There were various things we had associated with Nagaland before setting foot there, but one thing we certainly hadn’t was tea plantations. It was therefore a surprise to find out that Nagaland is a rapidly developing tea-growing area, and that our host in Shillong village in Northern Nagaland was the manager of the State’s largest tea plantation. A very pleasant surprise, as we both love the look of tea plantations and are hearty tea drinkers. Both in Darjeeling and in Assam we had wanted to stay at a tea estate and delve into the history and practice of tea cultivation a bit further, but not found the time. Now the opportunity was unexpectedly there.
Tea has been a big theme during this trip. Of course tea consumption is simply huge in Asia. Where in other places in the world the most common thing to offer guests is coffee, in Asia you cannot sit down or meet anyone without being offered tea. Following local fashion, on mainland India we’d thus purchase little paper cups of masala chai at the roadside. In the old British hill stations an elaborate high tea was offered to us complete with sandwiches and scones. In Bhutan a darker variant of Chinese tea was brought out to us in large mugs wherever we stopped, or occasionally a cup of ‘butter’ tea, definitely an acquired taste with its blending in of yak butter and salt. And in the North East the mix of people is reflected in a mix of teas, ranging from the milky plains chai to the darker Chinese teas.
The cultivation of tea in Nagaland is much more recent and modest than cultivation in Darjeeling and Assam. Darjeeling is of course near synonymous with tea, producing one of the world’s most popular teas since the 1840s. Slightly lesser known but in fact the world’s largest tea-growing region, Assam produces a distinctive black tea commonly drunk as breakfast tea. Together with China, it is the only region in the world with native tea plants, differing from each other only in terms of size (this surprising discovery means that, unlike with wine for example, it’s mostly the processing and blending technique that creates the variety).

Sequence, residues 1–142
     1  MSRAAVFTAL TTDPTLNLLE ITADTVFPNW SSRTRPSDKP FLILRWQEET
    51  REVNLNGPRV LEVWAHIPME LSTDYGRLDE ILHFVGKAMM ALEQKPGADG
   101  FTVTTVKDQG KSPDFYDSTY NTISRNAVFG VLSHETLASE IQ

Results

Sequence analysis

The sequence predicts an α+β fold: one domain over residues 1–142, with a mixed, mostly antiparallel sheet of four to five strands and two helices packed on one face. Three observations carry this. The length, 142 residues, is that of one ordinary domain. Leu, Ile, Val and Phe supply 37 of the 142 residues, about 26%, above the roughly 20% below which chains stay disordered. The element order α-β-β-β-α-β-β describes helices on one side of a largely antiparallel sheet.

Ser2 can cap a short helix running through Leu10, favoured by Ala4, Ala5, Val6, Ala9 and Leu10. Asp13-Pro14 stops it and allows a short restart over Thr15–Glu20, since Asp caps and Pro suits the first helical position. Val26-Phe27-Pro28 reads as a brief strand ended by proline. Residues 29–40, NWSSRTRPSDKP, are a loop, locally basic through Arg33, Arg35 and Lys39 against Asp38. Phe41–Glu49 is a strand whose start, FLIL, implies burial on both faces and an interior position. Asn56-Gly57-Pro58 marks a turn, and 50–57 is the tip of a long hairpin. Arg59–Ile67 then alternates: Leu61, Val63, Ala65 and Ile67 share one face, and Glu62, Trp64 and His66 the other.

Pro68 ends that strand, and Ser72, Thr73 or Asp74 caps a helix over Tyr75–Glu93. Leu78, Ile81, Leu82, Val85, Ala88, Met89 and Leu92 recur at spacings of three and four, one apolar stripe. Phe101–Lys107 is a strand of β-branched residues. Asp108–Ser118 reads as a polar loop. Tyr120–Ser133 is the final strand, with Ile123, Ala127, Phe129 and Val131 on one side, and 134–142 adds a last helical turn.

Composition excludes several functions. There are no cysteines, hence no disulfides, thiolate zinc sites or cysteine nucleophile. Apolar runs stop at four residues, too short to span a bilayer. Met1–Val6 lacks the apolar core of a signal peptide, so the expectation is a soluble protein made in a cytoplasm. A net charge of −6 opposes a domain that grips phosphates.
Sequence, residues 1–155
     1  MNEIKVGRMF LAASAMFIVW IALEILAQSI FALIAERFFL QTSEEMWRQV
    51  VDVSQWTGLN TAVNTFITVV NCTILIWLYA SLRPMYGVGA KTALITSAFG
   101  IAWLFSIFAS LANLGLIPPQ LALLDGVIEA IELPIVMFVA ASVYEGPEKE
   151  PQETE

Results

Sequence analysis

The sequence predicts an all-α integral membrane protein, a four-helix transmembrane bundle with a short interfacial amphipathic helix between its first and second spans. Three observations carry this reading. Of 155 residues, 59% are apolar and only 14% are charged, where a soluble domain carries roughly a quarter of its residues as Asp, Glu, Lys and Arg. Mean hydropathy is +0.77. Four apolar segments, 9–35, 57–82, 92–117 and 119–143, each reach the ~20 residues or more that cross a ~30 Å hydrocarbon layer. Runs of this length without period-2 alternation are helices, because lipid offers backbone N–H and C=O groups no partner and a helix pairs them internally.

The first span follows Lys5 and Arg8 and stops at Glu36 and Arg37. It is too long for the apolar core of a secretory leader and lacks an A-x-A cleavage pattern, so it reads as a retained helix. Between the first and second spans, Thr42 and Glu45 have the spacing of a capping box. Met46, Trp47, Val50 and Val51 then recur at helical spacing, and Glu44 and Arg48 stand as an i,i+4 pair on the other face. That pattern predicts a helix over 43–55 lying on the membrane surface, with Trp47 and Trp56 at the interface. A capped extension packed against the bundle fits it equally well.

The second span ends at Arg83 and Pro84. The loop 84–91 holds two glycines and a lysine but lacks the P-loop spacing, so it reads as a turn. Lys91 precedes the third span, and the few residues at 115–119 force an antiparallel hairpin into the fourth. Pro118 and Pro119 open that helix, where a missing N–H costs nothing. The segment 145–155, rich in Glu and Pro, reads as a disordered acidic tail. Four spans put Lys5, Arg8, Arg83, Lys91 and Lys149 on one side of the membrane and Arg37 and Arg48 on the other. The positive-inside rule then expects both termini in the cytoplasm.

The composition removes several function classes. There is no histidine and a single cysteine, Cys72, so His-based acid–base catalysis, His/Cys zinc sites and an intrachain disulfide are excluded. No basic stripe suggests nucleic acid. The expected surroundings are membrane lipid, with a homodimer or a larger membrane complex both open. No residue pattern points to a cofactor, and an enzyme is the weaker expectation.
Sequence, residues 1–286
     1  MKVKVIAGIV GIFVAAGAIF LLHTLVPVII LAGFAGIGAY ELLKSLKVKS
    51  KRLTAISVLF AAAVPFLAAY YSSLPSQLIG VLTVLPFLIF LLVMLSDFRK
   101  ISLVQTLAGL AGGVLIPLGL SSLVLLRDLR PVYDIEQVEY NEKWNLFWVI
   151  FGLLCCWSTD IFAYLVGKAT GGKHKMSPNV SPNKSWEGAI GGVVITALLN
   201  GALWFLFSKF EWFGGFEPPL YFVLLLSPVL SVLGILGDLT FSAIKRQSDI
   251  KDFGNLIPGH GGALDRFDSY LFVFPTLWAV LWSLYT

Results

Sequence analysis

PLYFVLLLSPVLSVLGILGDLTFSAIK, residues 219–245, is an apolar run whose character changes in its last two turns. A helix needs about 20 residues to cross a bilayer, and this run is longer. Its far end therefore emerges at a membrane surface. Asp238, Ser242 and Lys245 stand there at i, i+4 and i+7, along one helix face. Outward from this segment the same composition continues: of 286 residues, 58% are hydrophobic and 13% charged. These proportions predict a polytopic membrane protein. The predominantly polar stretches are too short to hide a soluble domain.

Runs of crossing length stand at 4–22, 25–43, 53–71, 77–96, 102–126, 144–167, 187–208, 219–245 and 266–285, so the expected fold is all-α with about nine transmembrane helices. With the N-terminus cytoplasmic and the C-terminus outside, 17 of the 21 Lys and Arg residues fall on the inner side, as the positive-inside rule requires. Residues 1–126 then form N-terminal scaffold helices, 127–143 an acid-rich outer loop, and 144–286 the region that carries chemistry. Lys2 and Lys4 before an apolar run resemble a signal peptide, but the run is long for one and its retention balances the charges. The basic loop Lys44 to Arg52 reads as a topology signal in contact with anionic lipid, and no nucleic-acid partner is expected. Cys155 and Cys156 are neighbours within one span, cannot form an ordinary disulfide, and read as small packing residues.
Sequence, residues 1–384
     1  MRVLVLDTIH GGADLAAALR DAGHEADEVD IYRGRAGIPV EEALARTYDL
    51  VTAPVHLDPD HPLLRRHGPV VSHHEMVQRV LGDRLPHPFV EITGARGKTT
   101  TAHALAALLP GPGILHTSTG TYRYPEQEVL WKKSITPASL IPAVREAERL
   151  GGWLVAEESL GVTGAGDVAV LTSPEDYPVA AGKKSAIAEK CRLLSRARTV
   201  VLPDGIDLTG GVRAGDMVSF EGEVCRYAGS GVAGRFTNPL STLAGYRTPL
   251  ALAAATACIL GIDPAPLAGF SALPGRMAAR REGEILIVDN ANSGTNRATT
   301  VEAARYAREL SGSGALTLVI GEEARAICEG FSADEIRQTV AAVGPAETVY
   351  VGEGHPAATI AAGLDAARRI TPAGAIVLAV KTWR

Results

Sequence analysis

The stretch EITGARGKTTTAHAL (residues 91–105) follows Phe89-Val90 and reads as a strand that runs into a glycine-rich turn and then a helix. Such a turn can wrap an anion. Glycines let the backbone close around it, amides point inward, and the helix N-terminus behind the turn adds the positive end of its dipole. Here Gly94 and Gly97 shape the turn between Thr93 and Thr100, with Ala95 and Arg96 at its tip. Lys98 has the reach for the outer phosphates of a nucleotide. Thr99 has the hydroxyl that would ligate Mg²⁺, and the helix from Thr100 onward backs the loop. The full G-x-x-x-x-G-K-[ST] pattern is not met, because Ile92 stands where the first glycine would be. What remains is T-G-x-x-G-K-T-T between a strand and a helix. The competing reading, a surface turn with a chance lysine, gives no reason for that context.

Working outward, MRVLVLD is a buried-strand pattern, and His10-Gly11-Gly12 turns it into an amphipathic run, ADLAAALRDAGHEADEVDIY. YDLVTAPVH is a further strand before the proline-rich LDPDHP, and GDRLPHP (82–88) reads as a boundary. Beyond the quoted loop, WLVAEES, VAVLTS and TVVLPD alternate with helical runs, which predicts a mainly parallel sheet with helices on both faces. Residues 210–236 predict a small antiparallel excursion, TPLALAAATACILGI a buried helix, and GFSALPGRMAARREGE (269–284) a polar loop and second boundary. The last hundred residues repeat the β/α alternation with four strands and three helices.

The family of our host in Shillong started the tea business about 25 years ago. Since then, after various recent studies have revealed that the land is suitable for high quality tea production, the industry has been growing quickly. Our host explained that Nagaland has great potential, with leaves yielding record prices, but that currently Naga growers are dependent on Assam factories for the processing of their leaves. This causes the loss of much of the profit – due to underlying feelings of competition – without doubt reinforced by ethnic frictions – the Assamese factories always find reasons to lower prices. In addition, by the time the tea gets to the factories a lot of it is already spoilt. Simply by selling its leaves, Nagaland’s tea industry cannot sustain itself in the long run, so our host’s family is on a mission to set up Nagaland’s first tea processing factory. As part of the beautiful hike around the estate she took us on, she showed us the site that had already been cleared for the purpose.
Tea is also grown in Myanmar, and I am resolved to find out more about it after we return. The tea culture there remains my favorite of all. Drinking tea comprises basically Myanmar’s entire street culture, and in comparison, pubs and clubs have remained a minor pursuit. Everywhere you go in the country and from early in the morning until late at night you find men and women sitting on the tea shops’ low stools that line the streets, enjoying tiny cups of (free) Chinese green tea served with a diverse range of (not free) snacks as they read the newspaper or chat with friends. Conveniently, especially for a large volume consumer like myself, there is no need to ask for a refill as huge thermoses are supplied. And tea is not only drunk in Myanmar, it is one of the few countries in the world where it is also eaten. Tea leaf salad – Pickled tea mixed with other ingredients such as crisp fried garlic, peas and peanuts, toasted sesame and sesame oil, dried shrimp, ginger and coconut – is a favorite national dish and no ceremony is complete without it.
Our host in Nagaland was much surprised to learn this, but has promised to try out the tea leaf salad recipe I will be sending her. Who knows what might feature on Naga menus in the future!